Fund to ride on China media boom

Fund to ride on China media boom

A US$100-million (S$130-million) Singapore-based fund for investments in China's media and entertainment industry was launched yesterday.

This is the first fund outside of China, and the first non-renminbi denominated fund, dedicated to investments in the country's media and entertainment.

It was launched by China's Bona Film, Singapore's Tembusu Partners and Singaporean media entrepreneur Calvin Cheng at the ongoing Singapore Media Festival.

Also present were Mr Yu Dong, founder and chairman of Nasdaq­listed Bona Film Group, China's leading film distributor, and Mr Andy Lim, founder and chairman of private equity fund manager Tembusu Partners.

Mr Yu said the fund will invest in anything to do with the media industry - not just film and television but also games, theme parks and new opportunities brought about by the development of the China film industry.

The fund will be formalised on March 31, with fund-raising to begin shortly after.

Anchor investors are likely to include Bona Film Group as well as Thailand's multi-industry conglomerate Charoen Pokphand Group.

Asked how such a fund will benefit the local industry, Mr Lim said: "There will be many opportunities for Singapore companies which want to make a foray into China but, of course, they all have to be competitive."

Mr Cheng said: "The existing film and TV co-production agreement between Singapore and China opens up opportunities for the fund to invest in projects that involve Singapore-based media companies. In addition, we will be looking at media companies globally that have a China story."

He called China the "most exciting media market today".

In terms of box-office takings, it is second only to the United States. Its TV market will also overtake Japan's by 2018 to be the second largest in the world.

Industry insiders welcomed the launch of the fund.

Mr Melvin Ang, chief executive officer of Singapore-headquartered film producer and distributor mm2 Asia, is definitely looking to crack the China market.

He noted: "Any such fund is always good but, of course, anyone applying must qualify for whatever guidelines and requirements."

He added that it was good to have Bona Film behind the fund, given its strong presence in China.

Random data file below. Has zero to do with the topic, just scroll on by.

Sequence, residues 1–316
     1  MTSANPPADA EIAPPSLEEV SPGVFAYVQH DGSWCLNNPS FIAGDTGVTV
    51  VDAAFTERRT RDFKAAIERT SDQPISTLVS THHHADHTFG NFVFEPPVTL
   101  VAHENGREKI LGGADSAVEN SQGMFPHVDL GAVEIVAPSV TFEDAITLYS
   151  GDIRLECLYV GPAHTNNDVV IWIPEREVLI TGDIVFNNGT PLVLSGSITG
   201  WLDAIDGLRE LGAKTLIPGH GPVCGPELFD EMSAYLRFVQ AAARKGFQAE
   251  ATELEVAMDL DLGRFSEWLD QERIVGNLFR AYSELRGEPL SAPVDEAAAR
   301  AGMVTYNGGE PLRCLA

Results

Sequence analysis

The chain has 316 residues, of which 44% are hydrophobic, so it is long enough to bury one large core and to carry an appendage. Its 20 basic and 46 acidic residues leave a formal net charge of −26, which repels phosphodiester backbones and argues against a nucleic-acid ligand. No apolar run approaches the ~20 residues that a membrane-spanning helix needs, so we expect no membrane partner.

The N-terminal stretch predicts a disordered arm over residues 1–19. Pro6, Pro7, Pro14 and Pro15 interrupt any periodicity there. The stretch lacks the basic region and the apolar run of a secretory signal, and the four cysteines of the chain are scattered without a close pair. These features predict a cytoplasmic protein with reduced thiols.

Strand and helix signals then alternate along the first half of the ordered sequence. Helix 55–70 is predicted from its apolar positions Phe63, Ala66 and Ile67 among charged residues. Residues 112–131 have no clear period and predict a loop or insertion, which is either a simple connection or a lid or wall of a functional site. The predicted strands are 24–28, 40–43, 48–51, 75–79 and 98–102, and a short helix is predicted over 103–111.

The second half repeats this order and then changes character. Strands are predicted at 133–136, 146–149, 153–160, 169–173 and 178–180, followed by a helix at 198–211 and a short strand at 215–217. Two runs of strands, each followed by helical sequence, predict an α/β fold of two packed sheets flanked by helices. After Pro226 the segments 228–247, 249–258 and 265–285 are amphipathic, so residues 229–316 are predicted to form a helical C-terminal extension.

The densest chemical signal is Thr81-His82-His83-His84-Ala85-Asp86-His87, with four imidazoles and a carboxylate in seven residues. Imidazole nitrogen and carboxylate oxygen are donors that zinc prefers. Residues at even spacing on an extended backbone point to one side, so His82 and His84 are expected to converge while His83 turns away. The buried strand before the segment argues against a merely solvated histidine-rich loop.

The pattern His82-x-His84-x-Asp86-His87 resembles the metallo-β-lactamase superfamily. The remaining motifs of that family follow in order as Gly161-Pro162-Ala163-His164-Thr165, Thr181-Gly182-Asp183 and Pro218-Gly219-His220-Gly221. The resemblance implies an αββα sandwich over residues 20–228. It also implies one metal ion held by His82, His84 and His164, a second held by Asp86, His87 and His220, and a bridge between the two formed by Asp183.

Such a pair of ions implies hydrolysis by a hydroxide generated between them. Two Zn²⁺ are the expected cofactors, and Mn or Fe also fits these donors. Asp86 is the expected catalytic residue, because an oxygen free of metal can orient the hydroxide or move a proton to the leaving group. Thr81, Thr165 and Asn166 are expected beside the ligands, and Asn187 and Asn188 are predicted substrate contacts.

The Bona Film Group's business spans production, distribution and exhibition.

Mr Yu noted that China's box office this year will hit 30 billion yuan (S$6.4 billion) and that Bona Film accounted for about 10 per cent of that.

The 11-day Singapore Media Festival, which runs till Sunday, is an umbrella media event hosted by the Media Development Authority and brings together events such as the Asia TV Forum & Market, ScreenSingapore 2014 and the Singapore International Film Festival.

Minister for Culture, Community and Youth and Second Minister for Communications and Information Lawrence Wong witnessed the launch of the media fund, and later highlighted it in his address for the official opening of the forum and ScreenSingapore.

He said: "Through the Singapore Media Festival, we hope to offer opportunities for international media players to deepen their collaborations with Asian and Singapore media companies.

"The US$100-million fund will be the first fund that allows foreign investors to participate in China's media market."

He also noted that the power of film and TV will be harnessed to mark Singapore's 50th birthday next year.

He said: "We will have a bumper crop of more than 24 Singapore films next year, that's double our average annual output. That works out to about two movies a month - Singapore movies, made in Singapore, about Singapore."

The 15th edition of the Asia TV Forum & Market and fourth edition of ScreenSingapore are expected to attract a record high of close to 5,000 attendees from 60 countries.

This article was first published on December 11, 2014.
Get a copy of The Straits Times or go to for more stories.


More about

Purchase this article for republication.
Your daily good stuff - AsiaOne stories delivered straight to your inbox
By signing up, you agree to our Privacy policy and Terms and Conditions.